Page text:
Throwing out Silverfast and replacing it with VueScan

VueScan LogoWhen I came back from Sweden I had a whole bunch of Kodachrome slides with me that my father has taken. Some of them are over 30 years old. So it is time to dust off my film scanner. I have a PlusTek OpticFilm 7600 scanner which I am quite happy with.

However, it came with LaserSoft’s SilverFast software which I used when scanning my own slides a few years back. I never really liked this software. It was buggy as hell, it’s user interface is far from ideal, actually I would go so far as to say that is quite disastrous and it is bloody expensive. The latter would perhaps not mattered so much if it was not for the fact that the software that came with the scanner simply do not work on my Windows 8 installation (my old rig was a Windows 7 one).

So in order to use the software that came with my scanner I would have to pay for an upgrade and LaserSoft really charges exorbitant fees for everything. You also have to buy a license per scanner model so the Silverfast software I have would then not work with my HP flatbed scanner which is just ridiculous. It is clear that LaserSoft have not managed to leave the archaic ways of extorting money out of their customers that were common in the software industry a couple of decades ago. That alone makes me want to ditch this company.

So after some research on the web I decided to try out VueScan since it seemed to be recommended by a fair amount of people. As you can deduce from the title of this post the trial went well. VueScan is quite reasonably priced at 89.95$ for the full version (39.95$ for the entry level one but then you get no film scanning) and it is one license for as many scanner models as you want. In addition you can install it on up to four PC’s.

The user interface is nothing fantastic but it is a dream compared to SilverFast. Simple but logically laid out. There are just enough features for me. Things like automatic crop speeding up your workflow are there of course and works fairly well. It does not really have the plethora of adjustment features that SilverFast has, at least the more advanced (and expensive) versions of SilverFast, but you really want to leave the more advanced adjustments to a dedicated software for this purpose anyway. I am processing all my scans through Lightroom and I just want the best possible raw scan to start with. In this aspect I feel that VueScan is actually doing a better job that SilverFast. I enabled multiexposure, infrared dust & scratch removal and the restore colors filter and out came very good raw scans for me to import into Lightroom.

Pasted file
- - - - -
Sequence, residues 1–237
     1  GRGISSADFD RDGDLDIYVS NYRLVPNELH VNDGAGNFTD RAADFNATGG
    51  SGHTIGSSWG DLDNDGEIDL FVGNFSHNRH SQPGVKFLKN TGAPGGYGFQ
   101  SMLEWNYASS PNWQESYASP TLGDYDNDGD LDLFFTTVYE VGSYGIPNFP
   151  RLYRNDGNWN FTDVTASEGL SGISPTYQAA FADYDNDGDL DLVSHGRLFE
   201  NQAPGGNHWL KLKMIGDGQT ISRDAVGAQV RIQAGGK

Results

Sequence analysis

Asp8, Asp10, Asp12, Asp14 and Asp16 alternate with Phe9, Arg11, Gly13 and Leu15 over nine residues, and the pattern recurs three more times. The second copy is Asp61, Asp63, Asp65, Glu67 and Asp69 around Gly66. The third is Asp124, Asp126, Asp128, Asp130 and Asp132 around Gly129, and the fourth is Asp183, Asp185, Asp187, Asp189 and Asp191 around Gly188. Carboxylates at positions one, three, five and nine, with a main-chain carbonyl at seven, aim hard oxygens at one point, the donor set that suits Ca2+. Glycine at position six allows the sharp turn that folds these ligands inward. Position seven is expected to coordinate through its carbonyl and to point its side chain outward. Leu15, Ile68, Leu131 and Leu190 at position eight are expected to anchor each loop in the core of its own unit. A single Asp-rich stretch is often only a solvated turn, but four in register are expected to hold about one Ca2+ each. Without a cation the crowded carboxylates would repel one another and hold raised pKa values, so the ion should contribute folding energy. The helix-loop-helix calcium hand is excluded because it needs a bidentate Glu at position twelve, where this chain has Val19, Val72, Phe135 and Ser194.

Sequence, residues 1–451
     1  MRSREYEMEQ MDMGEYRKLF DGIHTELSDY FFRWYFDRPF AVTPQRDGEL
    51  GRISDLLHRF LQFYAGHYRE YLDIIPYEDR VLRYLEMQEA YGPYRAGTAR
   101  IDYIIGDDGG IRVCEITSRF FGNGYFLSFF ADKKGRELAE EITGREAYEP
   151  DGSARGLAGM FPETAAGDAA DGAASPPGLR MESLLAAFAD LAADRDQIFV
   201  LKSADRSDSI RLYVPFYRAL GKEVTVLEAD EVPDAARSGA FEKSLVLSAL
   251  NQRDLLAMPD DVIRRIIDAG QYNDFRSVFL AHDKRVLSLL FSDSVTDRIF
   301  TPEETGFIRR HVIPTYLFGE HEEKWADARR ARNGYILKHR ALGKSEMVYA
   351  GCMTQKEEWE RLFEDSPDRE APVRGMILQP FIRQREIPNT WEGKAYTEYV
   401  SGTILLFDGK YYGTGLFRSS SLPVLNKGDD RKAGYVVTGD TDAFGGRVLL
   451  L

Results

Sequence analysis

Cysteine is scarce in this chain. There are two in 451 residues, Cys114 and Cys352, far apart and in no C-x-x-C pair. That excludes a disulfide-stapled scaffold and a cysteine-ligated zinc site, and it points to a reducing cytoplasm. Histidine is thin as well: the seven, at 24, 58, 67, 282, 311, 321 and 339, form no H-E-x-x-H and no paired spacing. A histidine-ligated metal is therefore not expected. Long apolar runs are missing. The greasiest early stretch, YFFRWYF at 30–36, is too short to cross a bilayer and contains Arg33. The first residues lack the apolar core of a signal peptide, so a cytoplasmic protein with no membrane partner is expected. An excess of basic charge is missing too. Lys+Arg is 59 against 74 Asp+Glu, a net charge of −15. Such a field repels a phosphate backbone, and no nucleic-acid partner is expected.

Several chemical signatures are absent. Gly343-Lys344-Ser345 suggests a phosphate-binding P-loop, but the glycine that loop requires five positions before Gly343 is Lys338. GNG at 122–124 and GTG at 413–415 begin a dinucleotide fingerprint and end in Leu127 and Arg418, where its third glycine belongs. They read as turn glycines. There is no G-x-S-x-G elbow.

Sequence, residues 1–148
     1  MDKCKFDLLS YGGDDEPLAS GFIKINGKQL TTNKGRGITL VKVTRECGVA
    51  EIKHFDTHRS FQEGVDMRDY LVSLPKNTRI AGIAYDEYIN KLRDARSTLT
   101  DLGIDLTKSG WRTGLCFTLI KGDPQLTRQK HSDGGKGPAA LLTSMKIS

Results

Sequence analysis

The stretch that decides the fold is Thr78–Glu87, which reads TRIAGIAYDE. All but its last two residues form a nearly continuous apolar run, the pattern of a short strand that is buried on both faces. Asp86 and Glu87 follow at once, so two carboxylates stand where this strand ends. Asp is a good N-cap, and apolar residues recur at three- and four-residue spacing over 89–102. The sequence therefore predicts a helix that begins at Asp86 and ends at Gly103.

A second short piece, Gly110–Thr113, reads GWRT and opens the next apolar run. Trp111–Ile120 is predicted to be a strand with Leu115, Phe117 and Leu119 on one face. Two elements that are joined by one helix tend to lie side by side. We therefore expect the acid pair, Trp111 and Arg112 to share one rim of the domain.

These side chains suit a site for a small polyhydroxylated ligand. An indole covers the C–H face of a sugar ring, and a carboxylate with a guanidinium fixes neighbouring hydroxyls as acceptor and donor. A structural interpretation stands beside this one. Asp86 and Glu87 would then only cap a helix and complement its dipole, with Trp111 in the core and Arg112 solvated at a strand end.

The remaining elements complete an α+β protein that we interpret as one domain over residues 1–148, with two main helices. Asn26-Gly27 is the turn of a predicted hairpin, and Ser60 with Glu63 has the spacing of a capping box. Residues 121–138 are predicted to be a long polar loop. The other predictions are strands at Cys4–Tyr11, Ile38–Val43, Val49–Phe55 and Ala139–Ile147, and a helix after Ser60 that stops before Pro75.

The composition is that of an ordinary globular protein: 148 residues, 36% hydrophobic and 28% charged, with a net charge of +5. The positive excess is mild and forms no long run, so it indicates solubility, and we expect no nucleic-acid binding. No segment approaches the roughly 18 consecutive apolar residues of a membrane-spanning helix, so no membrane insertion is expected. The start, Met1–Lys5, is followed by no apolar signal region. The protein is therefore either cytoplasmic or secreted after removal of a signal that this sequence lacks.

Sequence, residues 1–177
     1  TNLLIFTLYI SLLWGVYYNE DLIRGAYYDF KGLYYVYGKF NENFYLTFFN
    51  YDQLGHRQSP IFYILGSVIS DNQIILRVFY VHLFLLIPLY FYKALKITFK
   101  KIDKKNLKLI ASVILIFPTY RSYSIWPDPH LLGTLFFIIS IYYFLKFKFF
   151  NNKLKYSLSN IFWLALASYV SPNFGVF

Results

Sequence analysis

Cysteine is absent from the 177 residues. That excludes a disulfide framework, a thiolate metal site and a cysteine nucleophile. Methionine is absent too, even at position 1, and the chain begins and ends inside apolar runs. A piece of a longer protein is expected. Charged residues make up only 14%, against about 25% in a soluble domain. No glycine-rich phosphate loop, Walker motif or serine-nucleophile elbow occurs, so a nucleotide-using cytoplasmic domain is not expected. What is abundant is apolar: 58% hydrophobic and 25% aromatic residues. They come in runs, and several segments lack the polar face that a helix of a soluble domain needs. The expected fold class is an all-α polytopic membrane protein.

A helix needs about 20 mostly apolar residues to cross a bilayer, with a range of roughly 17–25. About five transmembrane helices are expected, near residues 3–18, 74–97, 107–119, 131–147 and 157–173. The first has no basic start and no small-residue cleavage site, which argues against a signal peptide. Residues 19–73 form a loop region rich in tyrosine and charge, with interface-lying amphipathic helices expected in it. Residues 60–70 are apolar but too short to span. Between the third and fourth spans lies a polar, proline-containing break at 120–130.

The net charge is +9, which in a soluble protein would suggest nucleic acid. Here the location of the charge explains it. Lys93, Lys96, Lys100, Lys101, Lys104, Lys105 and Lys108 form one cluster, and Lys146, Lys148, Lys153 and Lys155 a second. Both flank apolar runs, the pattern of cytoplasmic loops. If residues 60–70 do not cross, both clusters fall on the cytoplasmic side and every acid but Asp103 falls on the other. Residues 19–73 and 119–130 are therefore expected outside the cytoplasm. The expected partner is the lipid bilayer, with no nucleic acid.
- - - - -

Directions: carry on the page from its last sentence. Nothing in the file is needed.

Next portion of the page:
VueScan also have a limited but decent automatic file naming and the option to add descriptions to your files before saving them which is quite practical when processing them later. I scan my slides at 3600 dpi and the results are as good as one can expect. I could go as high as 7200 dpi but then we are talking file sizes around 280 Mb which is a wee bit too much and I could not really see much quality improvement.

So, out went LaserSofts cumbersome and ridicously overpriced SilverFast and in went VueScan. Now I have my work cut out for me for the near future. I have hundreds (probably thousands) of slides and even with a decent workflow I do not think I will get much above maybe a dozen slides per hour at most.

2 thoughts on “Throwing out Silverfast and replacing it with VueScan

  1. Thanks for sharing your insight. I am considering buying VueScan to replace the Epson Scan software that came with my newly-bought V550, and your report on your experience is definitely causing me to lean in the direction of VueScan for a software upgrade. Have you found the multiscan function really helpful for gaining dynamic range? In my initial scans, I’ve found that my scanner (an Epson V550) really struggles with the dynamic range on the slides (it does better with negative film). Thanks.

    1. Hi,

      Thanks for visiting my blog. Yes in my experience the multiscan does give a noticeable improvement however one additional pass is enough. More than that and sharpness starts to suffer from noise effects of the multiple scans.

      Actually, it is not so much multiscan but multiEXPOSURE (when it makes a second, overexposed, scan to bring out details in dark parts of the image) that makes a difference.

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